In general, they are also embroiled inconstant conflict,and conflict management techniques seem not to workwith them.
Agility requires execution with purpose and visions and goals that involve feelings and inspire people to move forward.In companies where organizational change is taking place and there is a psychopathic leader or consultant in charge, the focus is on processes or structures.
The first “smell” you’ll detect is that it is all very mechanical and empty in purpose. Perhaps it is one of the reasons why many banks or other financial institutions create big transformations with an excessively mechanical state of agility.
Since there is a lack of knowledge about what toxic psychopathic people are, many agile professionals try to coach them. However, the psychopathic person normally ends up learning the coach’s tools and manipulating him or her for his own purpose. This obviously aggravates the problem.
Coaching a psychopath is as dangerous as giving a loaded weapon to an orangutan.
It’s also very dangerous to include a psychopath as part of a retrospective meeting. In a company I helped in London, the psychopath controlled the emotions of others during those meetings—where individuals were most vulnerable—to serve his personal interests. Unfortunately, all the members of the team ended up resigning in the medium term.
Perhaps a good option would’ve been to add the following line to the Agile manifesto:
“Non psychopathic People OVER Psychopathic People”
In general, they are very good at reading the interviewer’s feelings and needs during a job interview, and because of this, they notch high scores during the selection process. That is why I always suggest to human resources, or whoever is in charge of hiring new roles, to do the following:
- Screen all new candidates for management positions (or current employees/internal consultants) by a professional (psychologist or psychiatrist specialized in psychopathic personalities).
- Evaluate the current management positions with which the new candidate will work.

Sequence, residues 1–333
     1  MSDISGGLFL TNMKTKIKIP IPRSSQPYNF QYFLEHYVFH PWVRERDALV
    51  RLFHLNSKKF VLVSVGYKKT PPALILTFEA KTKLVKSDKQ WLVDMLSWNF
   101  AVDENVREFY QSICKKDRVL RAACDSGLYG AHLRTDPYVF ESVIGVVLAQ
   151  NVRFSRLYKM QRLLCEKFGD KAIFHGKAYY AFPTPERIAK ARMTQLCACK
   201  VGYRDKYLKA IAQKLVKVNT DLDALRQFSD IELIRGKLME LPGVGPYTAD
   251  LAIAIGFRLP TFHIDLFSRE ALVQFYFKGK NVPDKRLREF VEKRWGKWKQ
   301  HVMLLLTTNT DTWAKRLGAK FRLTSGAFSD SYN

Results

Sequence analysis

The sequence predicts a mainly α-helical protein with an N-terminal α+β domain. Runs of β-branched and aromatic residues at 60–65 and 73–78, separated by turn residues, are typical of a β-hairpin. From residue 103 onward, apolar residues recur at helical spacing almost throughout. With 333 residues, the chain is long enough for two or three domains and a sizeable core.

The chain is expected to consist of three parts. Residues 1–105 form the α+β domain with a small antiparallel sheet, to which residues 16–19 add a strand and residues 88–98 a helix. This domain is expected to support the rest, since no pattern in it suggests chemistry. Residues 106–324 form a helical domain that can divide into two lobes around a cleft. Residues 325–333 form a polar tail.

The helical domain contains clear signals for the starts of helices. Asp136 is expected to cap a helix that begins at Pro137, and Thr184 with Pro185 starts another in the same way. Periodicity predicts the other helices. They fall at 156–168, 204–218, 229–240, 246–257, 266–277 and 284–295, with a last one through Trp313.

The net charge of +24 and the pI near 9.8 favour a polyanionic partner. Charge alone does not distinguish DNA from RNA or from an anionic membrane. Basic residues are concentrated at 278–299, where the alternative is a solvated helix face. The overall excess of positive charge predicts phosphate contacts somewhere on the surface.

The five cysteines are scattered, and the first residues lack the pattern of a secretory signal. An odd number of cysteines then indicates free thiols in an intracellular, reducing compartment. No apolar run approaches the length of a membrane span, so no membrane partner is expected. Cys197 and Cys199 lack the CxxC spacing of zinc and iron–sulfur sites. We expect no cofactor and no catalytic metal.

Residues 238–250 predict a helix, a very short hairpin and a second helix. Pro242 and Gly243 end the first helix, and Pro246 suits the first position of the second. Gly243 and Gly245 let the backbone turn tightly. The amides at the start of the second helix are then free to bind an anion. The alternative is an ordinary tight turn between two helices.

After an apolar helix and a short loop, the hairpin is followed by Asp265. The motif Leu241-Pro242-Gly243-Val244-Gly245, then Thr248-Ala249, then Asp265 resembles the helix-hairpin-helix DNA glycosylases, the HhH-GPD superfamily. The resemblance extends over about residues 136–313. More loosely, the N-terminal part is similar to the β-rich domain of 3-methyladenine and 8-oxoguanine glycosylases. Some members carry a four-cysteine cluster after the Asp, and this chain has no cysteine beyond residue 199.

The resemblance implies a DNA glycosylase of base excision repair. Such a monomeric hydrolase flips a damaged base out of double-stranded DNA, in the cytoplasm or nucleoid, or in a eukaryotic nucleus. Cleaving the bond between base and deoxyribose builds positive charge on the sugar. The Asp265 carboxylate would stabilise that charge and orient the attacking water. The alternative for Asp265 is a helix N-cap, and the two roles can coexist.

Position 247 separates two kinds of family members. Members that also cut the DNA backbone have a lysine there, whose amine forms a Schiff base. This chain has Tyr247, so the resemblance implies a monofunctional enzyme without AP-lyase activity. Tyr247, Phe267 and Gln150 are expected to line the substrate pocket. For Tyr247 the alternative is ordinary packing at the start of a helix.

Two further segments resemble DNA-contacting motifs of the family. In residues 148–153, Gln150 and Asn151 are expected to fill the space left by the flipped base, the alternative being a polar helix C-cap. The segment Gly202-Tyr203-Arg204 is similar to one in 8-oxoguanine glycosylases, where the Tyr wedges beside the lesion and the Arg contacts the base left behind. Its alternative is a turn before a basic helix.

You must bear in mind that even specialized professionals can have difficulty detecting them. In other situations, a psychopathic person might slip through because human resources has no experience, or the psychopathic person has earned the interviewer’s trust by appearing to be an excellent executor of business strategies.
Any organization that has a high number of toxic psychopathic people will find it difficult or impossible to build a healthy culture, increase business agility in a sustainable way, or create a responsive company.
It is better to invest time and money in reducing the number of toxic psychopathic people at the beginning of any business change than it is to implement a new framework or scale the current products.
Several techniques (such as, for example, the psychopathic decompression technique) can help the consultant to manage or detect this type of individual. As much as possible, limit your dealings with these people or place strict limits.
Once the company is able to remove toxic psychopathic people from its staff, it should work with the remaining employees on the use of explicit values to allow them to regain confidence. I also recommend techniques that increase the neuroplasticity (mental agility) of the remaining individuals to help them reduce the biases produced by the psychopathic person.
In short, the company must know how to take one of the following actions (with the support of a health professional such as a psychologist or psychiatrist):
- Identify the psychopathic person during the job interview (or any other process in the company) and decide if they want them to be part of the organization or what to do.
- Identify psychopathic employees and understand how to place limits on them.
- Use decompression techniques.
- Never coach a psychopathic individual.
- Negotiate with them to leave the company.
- Know how to work with affected people.
I must admit that I’ve wanted to write this article for well over a year, and I debated including it in the second edition of my bestselling book on enterprise agility and change management: Leading Exponential Change.
I could, however, fit only so much into the book, and I’m happy to share these thoughts with you now. If you found it useful, I hope you share it!
Thanks for listening,